Milestone Monday: Toilet Training

Toilet training your child may seem like a daunting challenge, but with some time and diligence, it may be easier than your first thought.

potty training 300x199 Milestone Monday: Toilet Training Photo

Training your child to use the toilet will put him on his way towards independence.

At around 18-24 months, you may notice signs that your child is ready: signaling that his diaper is wet, interest in the potty or toilet, expressing the desire to go to the potty, expressing discomfort with a wet diaper, the ability to pull his pants up and down, being able to stay dry for 2 hours or longer, and the ability to understand and follow basic instructions.

When the time comes, follow these steps and you’ll be well on your way towards independence from changing diapers and a newly independent child:

  • Allow your child to be in the bathroom with you to see how the process works. Allow him to flush the toilet and become comfortable in that environment.
  • Place a potty in your child’s regular area and allow him to sit on it fully clothed as he pleases. Once comfortable, encourage your child to sit on the potty without a diaper on.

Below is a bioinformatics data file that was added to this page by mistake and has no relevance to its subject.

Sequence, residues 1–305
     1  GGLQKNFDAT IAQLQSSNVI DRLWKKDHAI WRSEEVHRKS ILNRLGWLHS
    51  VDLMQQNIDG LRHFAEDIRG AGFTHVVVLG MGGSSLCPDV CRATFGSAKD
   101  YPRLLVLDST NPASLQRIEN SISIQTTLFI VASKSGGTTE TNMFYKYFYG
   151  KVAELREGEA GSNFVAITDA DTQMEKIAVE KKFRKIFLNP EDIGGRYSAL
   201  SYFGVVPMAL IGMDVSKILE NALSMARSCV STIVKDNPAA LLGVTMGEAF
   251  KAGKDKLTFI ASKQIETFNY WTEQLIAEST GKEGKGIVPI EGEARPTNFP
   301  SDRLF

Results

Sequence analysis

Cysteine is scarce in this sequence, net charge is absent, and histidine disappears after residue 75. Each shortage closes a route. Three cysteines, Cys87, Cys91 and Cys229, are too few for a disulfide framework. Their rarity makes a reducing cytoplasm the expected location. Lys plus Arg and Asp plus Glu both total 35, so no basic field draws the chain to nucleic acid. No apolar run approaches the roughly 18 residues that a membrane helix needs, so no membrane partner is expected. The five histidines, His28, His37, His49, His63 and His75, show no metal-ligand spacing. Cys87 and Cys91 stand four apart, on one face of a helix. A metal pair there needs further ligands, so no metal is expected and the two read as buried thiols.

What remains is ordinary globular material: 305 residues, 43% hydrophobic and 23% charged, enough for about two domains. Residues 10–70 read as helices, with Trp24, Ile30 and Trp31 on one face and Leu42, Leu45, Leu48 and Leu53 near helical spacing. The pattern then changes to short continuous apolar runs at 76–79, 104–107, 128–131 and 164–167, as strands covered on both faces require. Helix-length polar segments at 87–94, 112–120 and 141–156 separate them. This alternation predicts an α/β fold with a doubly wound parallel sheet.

• Show your child how the potty works by placing stool from his diaper in the potty then showing him as you transfer it to the toilet. Allow him to flush.
  • Once he’s comfortable, place your child on the potty whenever he signals that he has to go, as well as at regular intervals of 1 and a half to every two hours.
  • Read to and entertain your child while he’s on the potty. Praise him for using it, but don’t express disappointment if he doesn’t.
  • Once he understands using the potty, he can move on to the toilet with a special seat placed over it and a stool for reaching it.

Accidents will happen, but don’t punish your child. Just keep up with the training and, over time, it will stick. Training could take 3 to 6 months.

If you have questions about whether your child is ready for potty training, use the Vitals Doctor Finder to find a pediatrician you can trust.

Source: familydoctor.org